Former corporate lawyer Sandra Adams has recently discovered a talent for writing haiku. Her verse on the travails of trees (the poor things are turned into magazines like this one!) rivals any heroic, tragic saga. In addition, Adams examines the battle between the publisher of D magazine in Dallas and his hot and sexy New York fashion advertisers. The man went head to head (so to speak) with Gucci — and his magazine survived.

Bryan Close (email: [email protected])
Close was an actor for almost ten years, and once lost 20 pounds in India, so he knows lean living. His piece on two New York freelance writers and their tribulations and triumphs does not neglect to examine the financial pain endured by such fabulous and courageous types. Close also takes on Vanity Fair and creates our Watching the Watchers department, in which he evaluates other magazines’ thumbs-up-thumbs-down columns.

Kate Novack (email: [email protected])
A refugee from the world of politics and public relations, Novack, a Boston native, was ready for duty checking out the magazine flow at kiosks, newsstands and subway outlets all over town. What bliss it then seemed to take up watch at a cozy Barnes & Noble’s newsrack, or within the warm hominess of a Gristedes Superstore checkout line. Novack’s politically charged article on the ongoing power and market struggles between the country’s most visible African-American magazines is a prime example of what TNYRM does best. It’s a thoughtful and provocative investigation into a much overlooked subject.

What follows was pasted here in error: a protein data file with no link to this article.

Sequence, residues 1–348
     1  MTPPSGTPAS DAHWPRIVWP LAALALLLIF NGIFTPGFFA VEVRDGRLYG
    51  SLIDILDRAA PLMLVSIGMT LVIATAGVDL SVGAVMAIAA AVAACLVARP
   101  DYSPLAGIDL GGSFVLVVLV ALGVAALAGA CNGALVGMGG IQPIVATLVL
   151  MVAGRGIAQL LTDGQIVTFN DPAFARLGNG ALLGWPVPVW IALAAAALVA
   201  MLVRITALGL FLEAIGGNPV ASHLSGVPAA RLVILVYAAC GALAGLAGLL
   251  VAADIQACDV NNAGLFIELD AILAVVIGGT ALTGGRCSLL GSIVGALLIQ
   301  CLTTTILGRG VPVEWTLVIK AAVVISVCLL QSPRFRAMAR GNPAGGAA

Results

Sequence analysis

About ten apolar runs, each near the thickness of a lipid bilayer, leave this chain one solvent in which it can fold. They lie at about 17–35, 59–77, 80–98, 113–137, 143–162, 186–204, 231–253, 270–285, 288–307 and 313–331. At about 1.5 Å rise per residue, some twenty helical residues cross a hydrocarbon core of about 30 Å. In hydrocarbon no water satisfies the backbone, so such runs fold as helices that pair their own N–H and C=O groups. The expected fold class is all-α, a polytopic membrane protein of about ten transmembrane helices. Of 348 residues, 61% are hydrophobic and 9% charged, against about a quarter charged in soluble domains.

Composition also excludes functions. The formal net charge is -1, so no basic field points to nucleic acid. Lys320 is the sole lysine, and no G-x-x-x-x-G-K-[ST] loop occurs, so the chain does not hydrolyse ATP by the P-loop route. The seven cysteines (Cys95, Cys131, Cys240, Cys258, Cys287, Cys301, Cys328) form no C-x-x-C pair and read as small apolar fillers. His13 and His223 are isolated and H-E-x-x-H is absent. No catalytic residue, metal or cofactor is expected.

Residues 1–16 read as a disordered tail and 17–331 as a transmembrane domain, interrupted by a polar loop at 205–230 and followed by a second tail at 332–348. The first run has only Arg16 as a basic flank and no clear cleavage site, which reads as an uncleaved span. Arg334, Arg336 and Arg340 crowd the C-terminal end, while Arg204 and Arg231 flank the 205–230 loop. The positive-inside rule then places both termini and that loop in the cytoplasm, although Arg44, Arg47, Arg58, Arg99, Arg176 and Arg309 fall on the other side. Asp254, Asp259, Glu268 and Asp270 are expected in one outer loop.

Prue Clarke (email: [email protected])
Clarke is a finance reporter with the Australian Broadcasting Corporation in Sydney, Australia. She has degrees in economics and international affairs. You should consider yourself lucky even to be reading her article on The Weekly Standard.

Pamela Clark (email: [email protected])
Business writer Clark (not related to “Clarke” although, similarly, Australian) worked for ten years at IBM. Clark’s article on Golf Digest’s changing ownership looks at two trends in the industry: the overwhelming power of consolidation in magazines and the importance of celebrities in marketing them (in this case, the boyish Tiger Woods). Clark also takes a separate look at the struggle of independent magazines to make it in a world of media consolidation. It’s hard. You should fund TNYRM immediately.